Thursday, June 18, 2015
When there's sunlight, and you don't want to run out to get charcoal and lighter fluid, you don't need anything extra to cook with one of these. The design of the fold out anodized aluminum envelope attracts the sun at any angle, honing its power and transferring it to the evacuated glass tube, where sunlight is absorbed and amplified. The interior of the GoSun can heat up to 550°F in mere minutes. MORE >>
Last year, 47 percent of all the new electricity-generating capacity installed in the United States was powered by the wind and sun.
Coal provided just 0.7 percent — seven tenths of 1 percent. Over the past three years — 2012, 2013, and 2014 — we’ve gotten 42 percent of all our new electricity-generating capacity from wind turbines and solar panels. MORE >>
We throw away 165 billion dollars worth of food every year! Most of it because of expiration dates, but still very good.
Doug Rauch, the former president of Trader Joe's, came up with this concept. He was frustrated by the amount of nutritious food that went into dumpsters, just because it was nearing its sell-by date. MORE >>
Stolen bikes are unfortunately a common occurence. As they say, It comes with the territory.
But when it happens to someone who relies on it as their only means of transportation, like Walter, who is 76 and on a fixed income, is also a Type II diabetic, and rides daily to keep his blood sugar in-check, then it becomes tragic.
This is why we're starting a gofundme campaign on behalf of Walter to replace his bike and the attached accessories (helmet, pump odometer etc) and get him back in the saddle. We hope you can help! Any amount is appreciated. CLICK HERE >>
By Donald H. Peterson
Although you may never have thought about it, living on Earth as it soars through empty space shares a very critical characteristic with an astronaut traveling through space on a spaceship. Namely, you are totally dependent on the life support resources that are already on theEarth, because with the exception of radiant energy from the sun, the surrounding space environment provides absolutely nothing to support life. MORE >>
Monday, June 08, 2015
By Madeleine Thomas
Last year the popular British grocery chain Tesco threw away more than 60,000 tons of food. Think about it: That’s just one chain in a sea of grocery stores discarding perfectly edible leftover ingredients.
Unsurprisingly, some enterprising food entrepreneurs see opportunity here. With increasing popularity, cafes are starting to pop up all over the U.K. that source tossed foodstuffs from various grocery stores, wholesalers, and restaurants before it all heads to a landfill. Think of it as highbrow dumpster diving. Leading the cause is Skipchen, a popular Bristol cafe that serves everything from dressed lobsters with red peppers to ratatouille, all entirely sourced from food waste.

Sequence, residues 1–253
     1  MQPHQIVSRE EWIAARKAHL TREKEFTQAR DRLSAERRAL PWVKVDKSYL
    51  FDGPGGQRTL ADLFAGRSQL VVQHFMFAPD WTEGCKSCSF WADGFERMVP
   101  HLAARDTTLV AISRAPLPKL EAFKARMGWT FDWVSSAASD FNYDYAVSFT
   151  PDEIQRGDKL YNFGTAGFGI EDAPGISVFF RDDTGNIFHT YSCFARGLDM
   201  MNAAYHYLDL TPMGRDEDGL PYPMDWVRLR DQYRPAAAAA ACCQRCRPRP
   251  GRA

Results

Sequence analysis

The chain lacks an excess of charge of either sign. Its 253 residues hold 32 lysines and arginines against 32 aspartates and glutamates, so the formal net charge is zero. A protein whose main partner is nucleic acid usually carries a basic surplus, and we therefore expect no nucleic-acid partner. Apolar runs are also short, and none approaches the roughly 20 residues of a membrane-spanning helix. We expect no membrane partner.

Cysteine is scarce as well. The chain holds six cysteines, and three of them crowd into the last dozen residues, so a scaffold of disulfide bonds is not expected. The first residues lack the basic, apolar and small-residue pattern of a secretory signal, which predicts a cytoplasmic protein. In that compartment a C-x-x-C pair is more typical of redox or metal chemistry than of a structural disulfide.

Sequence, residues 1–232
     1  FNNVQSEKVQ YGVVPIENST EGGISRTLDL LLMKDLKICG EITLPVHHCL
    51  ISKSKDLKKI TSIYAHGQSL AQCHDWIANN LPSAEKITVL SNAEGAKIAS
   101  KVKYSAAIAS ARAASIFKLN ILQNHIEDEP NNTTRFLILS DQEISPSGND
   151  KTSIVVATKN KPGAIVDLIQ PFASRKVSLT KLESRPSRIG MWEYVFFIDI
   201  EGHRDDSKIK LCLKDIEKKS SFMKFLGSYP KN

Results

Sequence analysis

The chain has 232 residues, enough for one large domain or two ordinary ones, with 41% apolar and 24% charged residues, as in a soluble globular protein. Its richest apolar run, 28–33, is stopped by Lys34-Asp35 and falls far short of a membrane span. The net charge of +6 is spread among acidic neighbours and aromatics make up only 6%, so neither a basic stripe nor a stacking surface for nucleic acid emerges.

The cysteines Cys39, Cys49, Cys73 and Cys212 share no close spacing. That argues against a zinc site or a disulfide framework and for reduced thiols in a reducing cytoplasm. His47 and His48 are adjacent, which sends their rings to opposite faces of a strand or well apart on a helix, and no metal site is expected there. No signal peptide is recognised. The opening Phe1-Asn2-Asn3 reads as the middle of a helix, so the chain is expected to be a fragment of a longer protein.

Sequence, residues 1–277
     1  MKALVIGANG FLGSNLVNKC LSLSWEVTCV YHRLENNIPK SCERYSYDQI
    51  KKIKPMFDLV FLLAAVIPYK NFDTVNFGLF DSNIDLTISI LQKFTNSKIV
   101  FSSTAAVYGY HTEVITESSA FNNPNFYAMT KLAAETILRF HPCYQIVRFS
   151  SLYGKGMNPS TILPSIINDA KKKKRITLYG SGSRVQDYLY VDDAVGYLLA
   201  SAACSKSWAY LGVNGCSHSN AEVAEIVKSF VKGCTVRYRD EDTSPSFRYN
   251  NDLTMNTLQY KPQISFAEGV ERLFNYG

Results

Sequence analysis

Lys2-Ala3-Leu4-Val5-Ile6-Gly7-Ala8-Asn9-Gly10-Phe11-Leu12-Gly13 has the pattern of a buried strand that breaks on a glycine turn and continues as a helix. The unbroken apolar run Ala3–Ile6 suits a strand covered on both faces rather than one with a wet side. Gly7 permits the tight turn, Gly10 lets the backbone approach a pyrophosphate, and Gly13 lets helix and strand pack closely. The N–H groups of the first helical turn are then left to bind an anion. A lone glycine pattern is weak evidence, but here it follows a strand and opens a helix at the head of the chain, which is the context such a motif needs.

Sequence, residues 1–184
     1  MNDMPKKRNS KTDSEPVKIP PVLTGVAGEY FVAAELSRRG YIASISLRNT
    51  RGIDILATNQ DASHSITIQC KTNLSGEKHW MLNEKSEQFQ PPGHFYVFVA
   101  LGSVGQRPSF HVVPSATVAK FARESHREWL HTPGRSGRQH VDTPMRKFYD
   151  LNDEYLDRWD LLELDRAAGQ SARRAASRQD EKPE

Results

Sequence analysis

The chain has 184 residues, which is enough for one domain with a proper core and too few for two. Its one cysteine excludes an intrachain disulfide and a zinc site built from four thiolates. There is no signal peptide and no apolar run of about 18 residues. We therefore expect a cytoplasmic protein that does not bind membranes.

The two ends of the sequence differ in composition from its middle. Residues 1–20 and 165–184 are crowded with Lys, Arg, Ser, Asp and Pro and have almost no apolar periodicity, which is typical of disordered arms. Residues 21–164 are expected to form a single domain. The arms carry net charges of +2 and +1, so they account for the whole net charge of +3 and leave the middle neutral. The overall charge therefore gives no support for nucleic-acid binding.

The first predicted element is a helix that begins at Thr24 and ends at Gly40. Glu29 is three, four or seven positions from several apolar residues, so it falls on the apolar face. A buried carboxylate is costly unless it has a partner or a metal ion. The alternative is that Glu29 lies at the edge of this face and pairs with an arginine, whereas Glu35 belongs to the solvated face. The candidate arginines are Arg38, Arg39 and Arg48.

Quartz has the story:
There are now 14 cafés with the same idea in cities like Leeds and London, and up to 80 at various stages of the development process. The umbrella that ties them together is The Real Junk Food Project, a grassroots organization that started in Leeds. The cafés are autonomous but share certain characteristics: they plan their meals based on what ingredients they find each day; and there are no fixed prices, allowing customers to pay what they feel a dish is worth.
The movement is about “addressing the culture of waste” that pervades modern society, says Sam Joseph, a 25-year-old Environmental Conservation graduate who with Katie Jarman and others set up Skipchen.
The issue of food waste has risen to prominence in recent weeks, since France imposed a ban on supermarkets throwing away food that’s still edible. Joseph welcomes the increased interest, but tells Quartz that targeting supermarkets and insisting on redistribution is only a “patch” on the problem of overproduction, and the demand that modern methods of farming and trade have fostered for near-infinite choice.
How long before similar cafes spring up in the U.S.? Actually, it seems like the trend is already on the rise here in the states. In March, celebrity chef Dan Barber opened “wastED,” a month-long pop-up restaurant that cooked exclusively with food waste. I, for one, am not above a good ol’ fashioned dumpster dive, especially when leftover bagels are involved. But to eat an entire gourmet meal made from food waste — with no risk of arrest, to boot — sounds even better.
Popular cafés across the UK are specializing in edible food sourced from supermarket waste, Quartz.
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